The Guardian quotes an expert on Russia’s military as saying of Zapad-17, “Unfortunately, you can’t trust what the Russians say. One hundred thousand is probably exaggerated but 18,000 is absolutely realistic.”
Even if true, such numbers hardly support viewing the upcoming exercises as an “ominous” threat to the West. A British expert, remarking on the “mythology” that often accompanies such events, noted that “Much of the Western coverage said that the 2009 exercise ended with a simulated nuclear attack on Warsaw, Poland, even though there is no evidence at all from unclassified sources to suggest this was the case.”
Michael Kofman, a fellow at the Woodrow Wilson Center’s Kennan Institute, has debunked many of the unfounded estimates of Zapad-17’s size and threat to Europe. “The Russian Ministry of Defense itself likely hopes Western media will report exaggerated figures,” he says. “Such headlines help validate the scale and success of the exercise to national leadership in Moscow. In this respect, the entire affair is an exercise in co-dependency and is self-affirming.”
Russia unquestionably wants to impress NATO with its military capabilities, Kofman acknowledges, but that’s for deterrence.
“Throughout the exercise, Russian armed forces will try to signal that they have the ability to impose substantial costs on a technologically advanced adversary, i.e. the United States,” he writes. “Russian thinking is founded on the belief that its military can raise costs for the West such that they will grossly outweigh the potential gains for sustaining hostilities, particularly if the fight is over Belarus.”
Threat inflation is nothing new
The steady drumbeat of warnings about Russian military capabilities and intentions recalls the perennial use of “threat inflation” since the earliest days of the Cold War to sell bigger military budgets and a permanent warfare state.
One of the acknowledged masters of threat inflation was NATO Supreme Commander Gen. Philip Breedlove. Hacked emails exposed his campaign to “leverage, cajole, convince or coerce the U.S. to react” to Russia during the Obama years.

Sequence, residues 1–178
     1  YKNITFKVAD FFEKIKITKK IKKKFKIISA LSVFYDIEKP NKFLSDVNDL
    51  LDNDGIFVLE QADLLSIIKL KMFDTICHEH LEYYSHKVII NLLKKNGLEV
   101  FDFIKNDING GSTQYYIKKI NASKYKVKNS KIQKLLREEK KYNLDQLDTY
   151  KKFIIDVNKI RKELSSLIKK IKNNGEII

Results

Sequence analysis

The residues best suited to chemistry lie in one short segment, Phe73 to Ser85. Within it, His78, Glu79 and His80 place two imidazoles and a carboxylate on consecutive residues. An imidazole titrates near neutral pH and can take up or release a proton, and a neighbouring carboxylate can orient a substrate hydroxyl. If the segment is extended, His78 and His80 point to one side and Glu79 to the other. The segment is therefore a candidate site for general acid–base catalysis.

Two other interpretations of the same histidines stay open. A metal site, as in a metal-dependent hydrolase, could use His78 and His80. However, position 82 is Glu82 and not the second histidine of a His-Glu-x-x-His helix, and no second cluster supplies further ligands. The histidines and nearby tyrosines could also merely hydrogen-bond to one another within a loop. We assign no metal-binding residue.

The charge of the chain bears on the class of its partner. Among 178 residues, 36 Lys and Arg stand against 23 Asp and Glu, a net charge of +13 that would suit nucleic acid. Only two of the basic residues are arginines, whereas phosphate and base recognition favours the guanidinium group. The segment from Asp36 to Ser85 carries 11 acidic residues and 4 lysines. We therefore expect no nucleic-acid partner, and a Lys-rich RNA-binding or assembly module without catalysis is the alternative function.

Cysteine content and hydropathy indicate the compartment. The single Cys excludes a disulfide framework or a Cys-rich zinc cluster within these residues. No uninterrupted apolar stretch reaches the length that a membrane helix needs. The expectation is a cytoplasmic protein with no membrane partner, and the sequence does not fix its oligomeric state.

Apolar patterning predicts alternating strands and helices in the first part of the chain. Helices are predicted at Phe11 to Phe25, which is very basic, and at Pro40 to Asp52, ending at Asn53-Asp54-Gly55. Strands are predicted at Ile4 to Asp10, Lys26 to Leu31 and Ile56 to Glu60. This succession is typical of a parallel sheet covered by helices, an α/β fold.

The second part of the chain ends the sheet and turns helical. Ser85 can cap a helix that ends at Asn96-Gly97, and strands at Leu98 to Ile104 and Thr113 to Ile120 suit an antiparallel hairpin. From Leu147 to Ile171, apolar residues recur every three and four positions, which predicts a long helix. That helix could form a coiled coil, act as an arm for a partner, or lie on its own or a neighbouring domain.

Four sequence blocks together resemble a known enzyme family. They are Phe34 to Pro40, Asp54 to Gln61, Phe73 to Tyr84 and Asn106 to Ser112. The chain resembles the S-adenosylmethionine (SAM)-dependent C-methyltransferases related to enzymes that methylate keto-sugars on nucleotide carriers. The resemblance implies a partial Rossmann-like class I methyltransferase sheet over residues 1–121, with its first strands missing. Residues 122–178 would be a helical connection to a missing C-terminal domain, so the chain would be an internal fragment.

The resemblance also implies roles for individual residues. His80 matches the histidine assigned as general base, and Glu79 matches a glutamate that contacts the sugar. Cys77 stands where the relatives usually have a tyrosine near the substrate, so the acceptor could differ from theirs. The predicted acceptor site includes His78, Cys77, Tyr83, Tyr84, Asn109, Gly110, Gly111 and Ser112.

Two years ago, the West German news magazine Der Spiegel, ran a lengthy article on Breedlove’s penchant for propaganda, which reportedly left German political leaders and intelligence officials “stunned.”
He began soon after the start of the Ukraine crisis in early 2014, warning of an imminent invasion by 40,000 Russian troops massed on the border. Intelligence officials from other NATO member states had ruled out such an invasion and put the total number of Russian troops at about half that number.
“For months,” the magazine observed, “Breedlove has been commenting on Russian activities in eastern Ukraine, speaking of troop advances on the border, the amassing of munitions and alleged columns of Russian tanks. Over and over again, Breedlove’s numbers have been significantly higher than those in the possession of America’s NATO allies in Europe. As such, he is playing directly into the hands of the hardliners in the U.S. Congress and in NATO.”
Russian troop advances... the massing of forces... it all sounds familiar. Sure enough, although now retired, Breedlove was one of the first to sound the alarm this year about the Zapad exercise, telling a Senate hearing that it could involve as many as 200,000 troops.
Two years ago, members of the German government condemned Breedlove’s warnings as “dangerous propaganda.” They told Der Spiegel, “The West can’t counter Russian propaganda with its own propaganda, ‘rather it must use arguments that are worthy of a constitutional state.’”
The same stricture should surely apply today, as unsupported rhetoric foments unnecessary and dangerous military tensions between the world’s two nuclear superpowers.